ould you believe that two brick-sized fuel cells could power an entire house cheaply — and with almost no carbon-dioxide emissions? Would you believe that every American house could be using these clean-energy generators to go off the grid "within five to 10 years?" Believe it, says K.R. Sridhar, CEO of the Sunnyvale, Calif.–based start-up that's producing the "Bloom Box." What is this mysterious box that everyone's talking about?
What does a Bloom Box look like?
Each box is a brick-size stack of thin ceramic plates that have been coated with a green and black ink Sridhar developed.
How does it work?
The individual ceramic plates in the stack act as fuel cells, creating energy through a chemical reaction between oxygen and a clean-energy fuel source such as natural gas or biofuels. Sridhar says two brick-sized stacks of these cells will power a typical U.S. home, while a single stack could power a smaller European home or several houses in a developing country. A stack of 64 cells will power a Starbucks.
How did Sridar invent this technology?
He says it began over a decade ago when he was employed by NASA to devise an oxygen-creation machine that could sustain life on Mars. After NASA scrapped his program, he reverse-engineered the device to produce energy. He says the entire development process cost "in the ballpark" of $400 million.
Sounds promising, but does the Bloom Box actually work?
It has reportedly been working splendidly — at least, on a grand scale — for months. Several large companies including FedEx, Google, Wal-Mart, and eBay, have been using refrigerator-size Bloom Boxes with encouraging results. EBay reports that it's saved $100,000 in energy costs since it started using five mega–Bloom Boxes last year. Google has been Blooming for 18 months. Still, skeptics like University of Washington chemist David Ginger say this existing data is short on technical details: "It is of the 'trust us, we're smart, this is revolutionary' nature."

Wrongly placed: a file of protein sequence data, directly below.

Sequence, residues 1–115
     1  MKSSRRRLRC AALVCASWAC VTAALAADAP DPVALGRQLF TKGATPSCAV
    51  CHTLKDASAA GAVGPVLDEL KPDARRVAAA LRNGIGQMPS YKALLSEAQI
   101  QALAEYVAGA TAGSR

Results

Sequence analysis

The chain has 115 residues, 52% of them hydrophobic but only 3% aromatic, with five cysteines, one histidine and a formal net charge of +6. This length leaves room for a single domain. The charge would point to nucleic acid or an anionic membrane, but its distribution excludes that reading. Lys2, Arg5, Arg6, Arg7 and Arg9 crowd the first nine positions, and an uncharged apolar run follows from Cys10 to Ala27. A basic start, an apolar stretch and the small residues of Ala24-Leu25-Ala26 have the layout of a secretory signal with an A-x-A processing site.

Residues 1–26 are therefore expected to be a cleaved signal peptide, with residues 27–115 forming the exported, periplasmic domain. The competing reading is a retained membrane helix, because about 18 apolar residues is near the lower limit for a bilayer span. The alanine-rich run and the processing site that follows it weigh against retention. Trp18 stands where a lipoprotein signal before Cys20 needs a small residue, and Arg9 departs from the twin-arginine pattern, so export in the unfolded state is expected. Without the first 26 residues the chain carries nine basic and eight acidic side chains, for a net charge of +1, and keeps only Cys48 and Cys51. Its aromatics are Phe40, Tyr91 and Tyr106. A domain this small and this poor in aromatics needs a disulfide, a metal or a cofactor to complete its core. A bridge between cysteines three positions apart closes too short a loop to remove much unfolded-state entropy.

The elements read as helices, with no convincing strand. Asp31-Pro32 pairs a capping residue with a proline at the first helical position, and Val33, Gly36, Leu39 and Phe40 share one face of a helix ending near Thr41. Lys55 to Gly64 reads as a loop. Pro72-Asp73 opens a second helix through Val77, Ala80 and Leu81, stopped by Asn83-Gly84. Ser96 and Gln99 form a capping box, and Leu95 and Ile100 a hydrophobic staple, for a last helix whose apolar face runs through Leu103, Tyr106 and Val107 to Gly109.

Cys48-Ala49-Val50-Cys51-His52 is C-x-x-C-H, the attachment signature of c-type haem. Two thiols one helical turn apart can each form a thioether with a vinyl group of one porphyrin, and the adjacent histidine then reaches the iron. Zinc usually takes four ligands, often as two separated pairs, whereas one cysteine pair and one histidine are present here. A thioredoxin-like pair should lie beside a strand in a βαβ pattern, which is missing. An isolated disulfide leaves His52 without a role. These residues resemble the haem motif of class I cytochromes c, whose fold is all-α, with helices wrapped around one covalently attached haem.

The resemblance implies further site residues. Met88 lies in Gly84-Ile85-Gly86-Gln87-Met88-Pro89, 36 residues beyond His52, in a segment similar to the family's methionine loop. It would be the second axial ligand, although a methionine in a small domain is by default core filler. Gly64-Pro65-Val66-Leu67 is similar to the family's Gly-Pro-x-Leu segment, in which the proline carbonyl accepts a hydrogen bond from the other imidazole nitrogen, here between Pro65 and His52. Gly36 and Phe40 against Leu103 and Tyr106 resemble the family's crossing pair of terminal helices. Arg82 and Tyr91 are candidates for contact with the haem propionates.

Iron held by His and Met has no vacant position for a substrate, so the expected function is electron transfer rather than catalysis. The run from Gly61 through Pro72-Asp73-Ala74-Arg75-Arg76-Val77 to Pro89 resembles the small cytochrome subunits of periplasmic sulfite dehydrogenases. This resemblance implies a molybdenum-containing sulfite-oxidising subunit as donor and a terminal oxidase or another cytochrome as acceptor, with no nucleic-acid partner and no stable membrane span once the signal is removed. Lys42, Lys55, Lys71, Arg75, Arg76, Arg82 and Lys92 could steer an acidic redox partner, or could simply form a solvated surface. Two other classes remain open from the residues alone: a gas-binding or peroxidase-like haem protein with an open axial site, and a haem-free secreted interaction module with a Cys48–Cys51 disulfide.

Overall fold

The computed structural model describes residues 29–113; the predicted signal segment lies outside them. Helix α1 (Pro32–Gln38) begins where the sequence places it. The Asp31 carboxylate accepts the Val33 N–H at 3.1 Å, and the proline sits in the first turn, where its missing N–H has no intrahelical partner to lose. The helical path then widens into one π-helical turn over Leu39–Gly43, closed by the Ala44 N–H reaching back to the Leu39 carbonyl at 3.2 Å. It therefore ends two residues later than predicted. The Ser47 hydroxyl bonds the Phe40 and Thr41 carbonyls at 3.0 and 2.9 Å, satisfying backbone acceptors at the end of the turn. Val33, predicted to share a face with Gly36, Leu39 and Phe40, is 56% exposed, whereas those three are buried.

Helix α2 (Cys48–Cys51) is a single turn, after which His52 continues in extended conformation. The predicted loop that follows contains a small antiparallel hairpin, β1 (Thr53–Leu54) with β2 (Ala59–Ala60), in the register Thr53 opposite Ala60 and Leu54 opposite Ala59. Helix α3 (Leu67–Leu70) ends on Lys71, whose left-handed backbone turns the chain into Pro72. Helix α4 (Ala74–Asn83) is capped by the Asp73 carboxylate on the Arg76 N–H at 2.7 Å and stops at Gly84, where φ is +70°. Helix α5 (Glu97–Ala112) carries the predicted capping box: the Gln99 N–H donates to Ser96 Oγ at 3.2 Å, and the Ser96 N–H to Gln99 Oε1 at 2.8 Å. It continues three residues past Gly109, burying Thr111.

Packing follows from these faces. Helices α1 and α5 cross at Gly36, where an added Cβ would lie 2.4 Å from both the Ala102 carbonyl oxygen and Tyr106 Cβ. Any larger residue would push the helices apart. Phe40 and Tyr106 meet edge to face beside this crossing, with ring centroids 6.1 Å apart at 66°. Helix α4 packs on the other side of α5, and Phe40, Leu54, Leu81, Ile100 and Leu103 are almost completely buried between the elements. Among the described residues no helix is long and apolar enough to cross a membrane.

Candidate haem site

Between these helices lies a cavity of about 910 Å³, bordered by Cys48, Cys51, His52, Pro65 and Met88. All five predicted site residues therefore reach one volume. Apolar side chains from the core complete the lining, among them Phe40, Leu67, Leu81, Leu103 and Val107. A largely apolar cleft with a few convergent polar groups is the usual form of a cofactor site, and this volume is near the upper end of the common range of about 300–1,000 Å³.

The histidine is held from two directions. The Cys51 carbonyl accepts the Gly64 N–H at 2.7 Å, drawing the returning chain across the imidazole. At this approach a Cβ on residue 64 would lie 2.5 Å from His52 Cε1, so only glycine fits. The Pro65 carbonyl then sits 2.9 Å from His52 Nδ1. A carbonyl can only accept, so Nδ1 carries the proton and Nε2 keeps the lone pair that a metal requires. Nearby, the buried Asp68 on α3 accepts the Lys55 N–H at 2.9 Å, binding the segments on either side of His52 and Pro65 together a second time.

So what's the real catch?
The price. Currently, these business-size units cost a hefty $700,000 to $800,000 a pop. Sridhar says he will eventually be able to get the price for a brick-size home unit down to $3,000. But will that be low enough? Bloom's biggest challenge, says GreenTech editor-in-chief Michael Kanellos, is making sure people don't "run away at the price tag." This technology "needs to be cheaper than solar. It needs to be cheaper than wind."
Is Sridar's forecast that we'll all own Bloom Boxes in 10 years realistic?
GreenTech's Kanellos predicts there's a 20 percent chance that we'll have Bloom Boxes in our homes in 20 years — but thinks that they'll be labeled "General Electric."
This article was originally published on February 23, then updated on August 31
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